Walking tours in Lisbon
Portugal is one of the most underrated destinations for walking holidays. But, luckily, the majority are now discovering the many attractions it has to offer. Here are just a couple of.
Night life in Lisbon
Using a gentle Mediterranean climate and some of the most stunning scenery around, walking holidays in Portugal is going to be a memorable experience. Boasting views of a wonderfully varied landscape, charming villages and miles of coastline, in conjunction with amazing food, colourful culture and some of the world's friendliest people, it is no surprise that Portugal is quickly becoming one of the most popular destinations in terms of walking tours.
The capital of Portugal, this phenomenal city, rich with arts and culture, is truly the opening leg of walking holidays in Portugal. One of the oldest cities on earth, predating London, Rome and Paris by ages, it's got two areas listed as a UNESCO World Heritage sites: Belem Tower, a fortified tower which has played a critical role of Portuguese maritime knowhow especially throughout the age of discovery; and Jeronimos Tower, the former home from the Hieronymite religious order and indication of Portuguese expansionism.
Day tours in Lisbon
The nation's second largest city can be certainly one of Europe's oldest urban centres and is an authorized UNESCO World Heritage Site. Visitors can wander through remnants with the ancient Roman civilization that developed it as a crucial commercial port inside the trade between what is now called Lisbon and Braga. One of the attractions that aren't to be missed are the architectural highlights of town including the Oporto Cathedral, the city's oldest structure, the Palacio de Bolsa, the tile decorated Sao Bento Trains Station and also the garden of the Crystal Palace. Modern events in the city include Hip Hop Porto and Flowfest musical festivals.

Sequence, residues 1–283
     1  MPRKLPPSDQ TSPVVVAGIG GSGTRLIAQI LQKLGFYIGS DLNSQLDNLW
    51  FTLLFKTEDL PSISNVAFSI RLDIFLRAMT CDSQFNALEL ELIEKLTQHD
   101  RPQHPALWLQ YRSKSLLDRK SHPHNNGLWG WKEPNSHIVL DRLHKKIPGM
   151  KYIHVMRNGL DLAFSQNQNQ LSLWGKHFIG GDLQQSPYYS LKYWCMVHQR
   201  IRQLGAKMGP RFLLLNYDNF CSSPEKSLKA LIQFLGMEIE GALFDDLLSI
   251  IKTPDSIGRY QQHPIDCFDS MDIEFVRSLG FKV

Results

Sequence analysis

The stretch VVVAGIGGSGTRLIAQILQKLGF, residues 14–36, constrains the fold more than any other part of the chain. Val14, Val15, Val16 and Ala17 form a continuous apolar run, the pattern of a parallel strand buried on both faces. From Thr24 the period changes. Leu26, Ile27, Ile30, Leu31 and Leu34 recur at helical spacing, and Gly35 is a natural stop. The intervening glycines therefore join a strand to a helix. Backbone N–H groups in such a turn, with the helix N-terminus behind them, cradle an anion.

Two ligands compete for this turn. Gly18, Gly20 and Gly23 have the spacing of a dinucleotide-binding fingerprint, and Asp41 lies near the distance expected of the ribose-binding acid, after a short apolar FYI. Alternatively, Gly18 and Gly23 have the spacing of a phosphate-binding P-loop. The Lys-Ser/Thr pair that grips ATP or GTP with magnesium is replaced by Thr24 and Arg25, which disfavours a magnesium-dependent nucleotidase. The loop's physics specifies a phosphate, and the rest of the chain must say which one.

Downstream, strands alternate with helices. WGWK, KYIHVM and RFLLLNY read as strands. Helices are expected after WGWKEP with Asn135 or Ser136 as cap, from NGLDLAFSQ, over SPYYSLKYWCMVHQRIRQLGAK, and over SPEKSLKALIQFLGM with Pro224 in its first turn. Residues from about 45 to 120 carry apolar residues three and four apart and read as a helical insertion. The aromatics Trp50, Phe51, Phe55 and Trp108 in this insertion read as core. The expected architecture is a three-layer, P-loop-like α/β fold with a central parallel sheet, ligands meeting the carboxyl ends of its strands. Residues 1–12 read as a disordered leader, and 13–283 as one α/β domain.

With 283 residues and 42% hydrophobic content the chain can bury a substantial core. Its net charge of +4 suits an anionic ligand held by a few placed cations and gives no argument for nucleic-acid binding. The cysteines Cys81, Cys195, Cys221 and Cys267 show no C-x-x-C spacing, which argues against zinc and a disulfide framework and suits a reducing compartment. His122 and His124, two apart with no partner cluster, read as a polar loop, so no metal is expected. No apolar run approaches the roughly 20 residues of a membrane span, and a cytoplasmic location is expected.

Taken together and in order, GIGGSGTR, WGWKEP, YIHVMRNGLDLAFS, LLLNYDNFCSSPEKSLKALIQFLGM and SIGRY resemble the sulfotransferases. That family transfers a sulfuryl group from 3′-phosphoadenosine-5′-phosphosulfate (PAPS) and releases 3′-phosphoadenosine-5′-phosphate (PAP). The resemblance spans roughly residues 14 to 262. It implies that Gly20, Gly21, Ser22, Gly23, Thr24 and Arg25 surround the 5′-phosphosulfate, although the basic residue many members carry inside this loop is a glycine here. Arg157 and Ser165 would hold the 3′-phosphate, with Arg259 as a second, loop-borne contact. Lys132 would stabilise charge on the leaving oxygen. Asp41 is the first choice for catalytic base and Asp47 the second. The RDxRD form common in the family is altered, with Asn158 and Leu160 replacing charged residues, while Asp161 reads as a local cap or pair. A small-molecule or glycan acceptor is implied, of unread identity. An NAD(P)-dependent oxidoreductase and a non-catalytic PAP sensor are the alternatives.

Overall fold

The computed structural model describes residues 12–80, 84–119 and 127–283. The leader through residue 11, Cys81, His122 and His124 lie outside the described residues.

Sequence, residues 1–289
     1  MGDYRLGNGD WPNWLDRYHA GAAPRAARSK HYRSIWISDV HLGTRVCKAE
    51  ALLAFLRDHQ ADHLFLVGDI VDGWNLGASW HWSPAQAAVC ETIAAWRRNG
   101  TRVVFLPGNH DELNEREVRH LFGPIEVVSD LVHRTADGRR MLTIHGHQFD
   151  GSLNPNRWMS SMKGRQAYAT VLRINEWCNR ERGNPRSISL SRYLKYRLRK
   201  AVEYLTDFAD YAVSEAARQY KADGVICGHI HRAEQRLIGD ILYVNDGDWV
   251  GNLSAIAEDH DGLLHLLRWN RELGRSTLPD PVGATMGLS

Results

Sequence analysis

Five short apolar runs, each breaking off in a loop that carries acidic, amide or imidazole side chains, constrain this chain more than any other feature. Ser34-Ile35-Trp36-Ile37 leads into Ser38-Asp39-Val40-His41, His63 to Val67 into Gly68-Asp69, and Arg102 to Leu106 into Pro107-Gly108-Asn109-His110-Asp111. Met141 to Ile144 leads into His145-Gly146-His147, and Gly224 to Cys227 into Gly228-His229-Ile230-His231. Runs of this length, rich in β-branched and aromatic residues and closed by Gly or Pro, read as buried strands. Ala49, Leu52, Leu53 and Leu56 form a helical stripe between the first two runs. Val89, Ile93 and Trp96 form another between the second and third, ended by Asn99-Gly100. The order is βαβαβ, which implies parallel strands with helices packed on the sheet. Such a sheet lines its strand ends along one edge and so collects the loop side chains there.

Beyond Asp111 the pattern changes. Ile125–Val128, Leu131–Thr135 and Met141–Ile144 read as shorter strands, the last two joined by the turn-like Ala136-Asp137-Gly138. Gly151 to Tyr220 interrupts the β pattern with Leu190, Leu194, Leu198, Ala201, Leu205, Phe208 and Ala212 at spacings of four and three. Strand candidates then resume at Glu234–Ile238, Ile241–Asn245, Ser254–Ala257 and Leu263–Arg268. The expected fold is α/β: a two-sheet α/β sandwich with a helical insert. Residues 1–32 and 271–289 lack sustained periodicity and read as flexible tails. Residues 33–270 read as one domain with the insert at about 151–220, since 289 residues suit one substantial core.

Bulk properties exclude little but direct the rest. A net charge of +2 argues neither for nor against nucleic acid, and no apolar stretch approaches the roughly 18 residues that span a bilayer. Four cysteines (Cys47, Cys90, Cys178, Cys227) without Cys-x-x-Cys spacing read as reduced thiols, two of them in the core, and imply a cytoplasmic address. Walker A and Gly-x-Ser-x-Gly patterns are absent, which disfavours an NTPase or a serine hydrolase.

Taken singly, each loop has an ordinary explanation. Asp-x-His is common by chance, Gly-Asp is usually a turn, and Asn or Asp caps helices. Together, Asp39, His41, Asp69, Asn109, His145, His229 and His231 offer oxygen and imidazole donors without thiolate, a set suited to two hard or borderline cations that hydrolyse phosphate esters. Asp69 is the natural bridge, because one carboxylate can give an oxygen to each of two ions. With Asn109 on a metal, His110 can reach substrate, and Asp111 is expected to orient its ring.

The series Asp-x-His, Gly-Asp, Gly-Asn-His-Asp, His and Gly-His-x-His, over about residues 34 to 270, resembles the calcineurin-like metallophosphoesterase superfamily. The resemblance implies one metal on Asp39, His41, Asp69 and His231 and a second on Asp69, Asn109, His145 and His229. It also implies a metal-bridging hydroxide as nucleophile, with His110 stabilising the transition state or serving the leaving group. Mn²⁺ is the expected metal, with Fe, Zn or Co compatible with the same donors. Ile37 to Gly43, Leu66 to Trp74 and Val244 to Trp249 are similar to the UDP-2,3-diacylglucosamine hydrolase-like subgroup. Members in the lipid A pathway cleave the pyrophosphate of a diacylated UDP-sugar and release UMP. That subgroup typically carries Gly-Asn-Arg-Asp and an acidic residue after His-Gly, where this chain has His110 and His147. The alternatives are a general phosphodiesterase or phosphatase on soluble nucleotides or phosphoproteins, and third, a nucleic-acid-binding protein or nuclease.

When it comes to walking holidays in Portugal, perhaps the most widely used destination may be the Algarve - as well as for very good reason! This is the southernmost region of mainland Portugal, and it is blessed with balmy weather, an excellent nature park of over 170 square kilometres and a huge selection of types of birdlife. The 155 kilometres of south facing coastline is dotted with picturesque limestone caves. Well-known beaches are offered also over the coastline, including Praia da Marinha to Armação de Pêra.
Must see attractions on walking holidays within the Algarve region of Portugal range from the old area of the city in Faro, to begin to see the old Roman walls along with Arab and Roman ruins, the golden church of Nossa Senhora do Carmois, considered one of the best examples of gold-leaf woodwork, and also the Ria Formosa lagoon, a nature reserve of over 17.000 hectares plus a stopping place for countless different birds throughout the spring and autumn migratory periods. Tavira, the modern resort town referred to as Algarvian Rome and often the Venice with the Algarve, is a picturesque town that stands on two hills, and possesses a remarkable 22 churches along with other chapels within the edge.